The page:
I’m the head of marketing for a regional mortgage company, recently hired to lead marketing strategy for the entire brokerage. Ironically, despite having eight plus months under my belt, I have yet to dig myself out enough to even think about a cohesive marketing plan, let alone take steps to organize the drafting of one.
Although it’s true that we have a small department relative to the number of employees we support, I know that my time is not best spent putting out fires and doing the marketing work. Especially with the pundits predicting an economic adjustment within the next few years, taking all of that on myself will likely catch up with me.
So here’s my question: Given the limited resources I have at my disposal, how do I get ahead of my department’s workload and develop a plan to extricate myself from the day to day execution of the marketing work of my company?
Sincerely, The Amazing Mrs. Mazel the Marketer
Dear Mrs. Mazel,
Your plight is, of course, not uncommon. Most of us learned in elementary school that proper planning prevents poor performance and, applied to business, that means a business plan which sets the tone for strategic and marketing activities is vital for any business that one day wants to grow up into a company. That said, a surprising number of “companies” do not have any formal planning process in place, but instead rely on top line growth to hide flaws in bottom line numbers caused by operational inefficiency.
Two problems are actually at play here. One, you don’t have a strategy to make sure your marketing efforts are aligned with the company’s goals and two, you don’t have a way to measure the effectiveness of your measures or the efficiency of your department. If you’re working on something that an employee can be paid to do at lower rate than you earn, then your department is working inefficiently. Your company compensates you as a Marketing Director for a good reason- your ability to lead the department and leverage the talent of your direct reports is a more highly valued role than someone who specializes in graphic art, social media or digital advertising. Thus, if you’re not leading your department through proper strategic planning and execution, leveraging the resources you have as opposed to doing the work yourself, you are not doing what your company really needs and you are right to be concerned about any future softness in the mortgage market.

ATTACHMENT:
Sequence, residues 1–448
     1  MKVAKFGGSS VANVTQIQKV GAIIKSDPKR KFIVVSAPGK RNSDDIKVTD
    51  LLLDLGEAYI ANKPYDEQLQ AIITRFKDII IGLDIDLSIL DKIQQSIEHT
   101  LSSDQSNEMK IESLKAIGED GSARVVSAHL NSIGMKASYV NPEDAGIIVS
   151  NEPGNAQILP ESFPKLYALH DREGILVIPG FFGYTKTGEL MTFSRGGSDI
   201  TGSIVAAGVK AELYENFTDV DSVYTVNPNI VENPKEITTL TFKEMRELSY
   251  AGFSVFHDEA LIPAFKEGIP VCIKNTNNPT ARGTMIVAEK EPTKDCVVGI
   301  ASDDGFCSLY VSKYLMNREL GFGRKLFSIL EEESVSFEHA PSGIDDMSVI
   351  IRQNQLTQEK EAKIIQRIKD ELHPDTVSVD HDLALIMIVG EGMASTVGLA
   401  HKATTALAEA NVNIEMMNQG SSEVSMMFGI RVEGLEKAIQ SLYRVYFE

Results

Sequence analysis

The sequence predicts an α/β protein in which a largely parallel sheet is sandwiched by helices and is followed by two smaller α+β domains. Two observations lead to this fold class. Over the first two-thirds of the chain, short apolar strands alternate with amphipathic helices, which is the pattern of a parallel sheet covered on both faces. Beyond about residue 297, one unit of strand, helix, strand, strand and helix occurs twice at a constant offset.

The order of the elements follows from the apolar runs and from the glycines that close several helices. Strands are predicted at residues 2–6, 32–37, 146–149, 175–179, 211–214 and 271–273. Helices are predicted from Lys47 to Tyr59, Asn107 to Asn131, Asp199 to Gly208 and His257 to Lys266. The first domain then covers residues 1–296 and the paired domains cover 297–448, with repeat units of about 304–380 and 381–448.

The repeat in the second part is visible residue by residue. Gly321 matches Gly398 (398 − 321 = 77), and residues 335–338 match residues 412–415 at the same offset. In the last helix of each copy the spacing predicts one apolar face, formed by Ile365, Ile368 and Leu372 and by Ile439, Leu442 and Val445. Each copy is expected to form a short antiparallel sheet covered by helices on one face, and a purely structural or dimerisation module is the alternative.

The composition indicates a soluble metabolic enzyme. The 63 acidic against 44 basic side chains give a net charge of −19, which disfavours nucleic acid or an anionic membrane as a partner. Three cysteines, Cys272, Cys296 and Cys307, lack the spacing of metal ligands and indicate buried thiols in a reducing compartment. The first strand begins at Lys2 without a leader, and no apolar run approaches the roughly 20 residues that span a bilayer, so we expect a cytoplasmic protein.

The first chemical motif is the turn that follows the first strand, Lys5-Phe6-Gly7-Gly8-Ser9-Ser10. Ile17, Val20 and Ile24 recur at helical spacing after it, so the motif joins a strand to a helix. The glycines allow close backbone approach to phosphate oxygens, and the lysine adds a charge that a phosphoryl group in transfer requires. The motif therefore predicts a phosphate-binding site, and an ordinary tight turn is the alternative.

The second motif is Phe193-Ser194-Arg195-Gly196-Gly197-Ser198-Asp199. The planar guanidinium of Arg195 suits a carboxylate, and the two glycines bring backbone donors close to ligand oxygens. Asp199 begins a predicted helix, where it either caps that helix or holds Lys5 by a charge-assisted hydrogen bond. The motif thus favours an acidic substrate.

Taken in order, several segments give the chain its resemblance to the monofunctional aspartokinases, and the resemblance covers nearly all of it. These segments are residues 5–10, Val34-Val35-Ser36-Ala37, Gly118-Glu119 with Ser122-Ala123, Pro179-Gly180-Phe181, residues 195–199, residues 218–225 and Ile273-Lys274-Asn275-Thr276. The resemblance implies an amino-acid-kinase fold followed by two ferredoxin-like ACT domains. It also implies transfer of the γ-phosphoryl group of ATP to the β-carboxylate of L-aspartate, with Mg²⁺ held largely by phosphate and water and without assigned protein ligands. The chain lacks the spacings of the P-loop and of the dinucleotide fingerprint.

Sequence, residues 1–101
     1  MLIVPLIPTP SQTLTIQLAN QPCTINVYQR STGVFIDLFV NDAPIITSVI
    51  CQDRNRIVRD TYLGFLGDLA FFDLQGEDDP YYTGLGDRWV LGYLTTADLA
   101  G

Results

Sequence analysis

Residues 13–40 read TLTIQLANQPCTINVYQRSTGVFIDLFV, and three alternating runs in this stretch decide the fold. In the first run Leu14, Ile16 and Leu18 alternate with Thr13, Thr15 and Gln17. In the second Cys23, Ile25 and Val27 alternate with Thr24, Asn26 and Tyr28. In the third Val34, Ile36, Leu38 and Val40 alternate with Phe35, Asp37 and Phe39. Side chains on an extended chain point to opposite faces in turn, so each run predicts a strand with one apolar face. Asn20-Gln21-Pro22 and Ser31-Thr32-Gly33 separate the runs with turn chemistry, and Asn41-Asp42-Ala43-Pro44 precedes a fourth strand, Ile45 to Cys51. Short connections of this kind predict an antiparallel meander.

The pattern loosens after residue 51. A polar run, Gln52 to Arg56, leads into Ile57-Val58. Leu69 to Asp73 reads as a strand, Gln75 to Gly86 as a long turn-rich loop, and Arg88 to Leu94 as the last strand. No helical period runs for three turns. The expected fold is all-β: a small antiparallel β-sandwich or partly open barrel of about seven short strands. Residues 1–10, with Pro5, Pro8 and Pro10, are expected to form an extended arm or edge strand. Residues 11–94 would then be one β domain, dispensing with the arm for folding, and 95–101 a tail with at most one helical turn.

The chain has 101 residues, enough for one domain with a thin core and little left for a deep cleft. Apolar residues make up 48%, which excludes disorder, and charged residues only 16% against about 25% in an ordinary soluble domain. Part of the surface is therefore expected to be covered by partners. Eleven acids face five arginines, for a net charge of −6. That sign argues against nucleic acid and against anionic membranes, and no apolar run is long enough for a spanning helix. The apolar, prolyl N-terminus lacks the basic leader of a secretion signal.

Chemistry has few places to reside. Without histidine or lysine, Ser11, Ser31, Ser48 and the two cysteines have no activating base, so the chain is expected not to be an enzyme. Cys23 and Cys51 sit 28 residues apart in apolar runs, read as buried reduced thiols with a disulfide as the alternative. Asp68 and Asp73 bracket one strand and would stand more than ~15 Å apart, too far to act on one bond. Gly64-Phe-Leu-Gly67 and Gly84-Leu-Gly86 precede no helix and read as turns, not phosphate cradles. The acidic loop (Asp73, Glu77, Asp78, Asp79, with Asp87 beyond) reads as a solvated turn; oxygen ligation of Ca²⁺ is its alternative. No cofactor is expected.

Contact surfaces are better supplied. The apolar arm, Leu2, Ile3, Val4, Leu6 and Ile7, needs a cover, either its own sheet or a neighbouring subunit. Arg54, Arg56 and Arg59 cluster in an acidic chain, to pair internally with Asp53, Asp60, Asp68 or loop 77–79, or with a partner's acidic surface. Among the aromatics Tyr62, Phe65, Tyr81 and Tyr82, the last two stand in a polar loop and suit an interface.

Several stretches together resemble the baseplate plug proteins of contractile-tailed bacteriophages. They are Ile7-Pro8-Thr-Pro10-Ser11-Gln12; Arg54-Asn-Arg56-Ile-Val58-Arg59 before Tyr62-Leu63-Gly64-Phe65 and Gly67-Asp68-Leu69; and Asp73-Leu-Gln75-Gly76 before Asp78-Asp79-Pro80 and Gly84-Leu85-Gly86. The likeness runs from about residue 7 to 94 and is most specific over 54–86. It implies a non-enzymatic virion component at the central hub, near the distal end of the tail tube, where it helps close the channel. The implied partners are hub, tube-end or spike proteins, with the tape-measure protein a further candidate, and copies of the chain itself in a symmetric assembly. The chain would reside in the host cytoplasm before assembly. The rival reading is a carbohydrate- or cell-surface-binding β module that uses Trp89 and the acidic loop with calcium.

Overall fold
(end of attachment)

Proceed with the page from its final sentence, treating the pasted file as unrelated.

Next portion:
But, back to your initial question of how to find the time to do what you know needs to be done.
- Learn to push back and say “no.”
- Let them fail
- Work longer hours and more efficiently
Push Back/Say No
From the description of your issues, it seems clear that you receive a steady stream of requests for your products. Do you have a specific menu of options you provide your employees, or is there a lot of custom work? If you’re reinventing the wheel with each request it’s a huge time suck, as opposed to working off of established templates that can be more easily streamlined and taught to others. If people are demanding complicated solutions that you aren’t sure are the right way to go anyway, don’t be afraid to have a discussion- after all, you’re the marketing pro, not them. And if the idea is a good one and you’re just busy, establish a deadline that’s achievable without hobbling your workflow. When time permits, establish a formal menu of services that is easily replicable and train your people to handle those requests.
Let Them Fail
Don’t be a “helicopter boss.” If you’ve trained your people correctly and they possess good work ethic, then trust them to do their jobs. They may not always do things exactly as you would, and will occasionally make mistakes, but that’s a justified trade off for a more streamlined process. Plus, those mistakes serve as teachable moments and your team will be better for having had the experience of failure. Being freed of the burden of micromanagement allows you to focus on higher level activities.
Work Longer Hours and More Efficiently
These are two separate strategies, but putting in the hours when needed really has no substitute if you want to continue to move up the ladder. Certainly there are plenty of C-Suite executives that got there through who they know, where they’re from, and what school they went to, but most of us have to do things the hard way, which means hard work, smart work or efficient work… choose any two.
There is no magical formula for success, Mrs. Mazel, and no one at your company is likely to mentor you through these challenges. This is all on you, so step up, lean in, roll up your sleeves, and provide results that will wow. You may just end up saving that company when the market correction fully rears its head, paving the way for a C-Suite office yourself.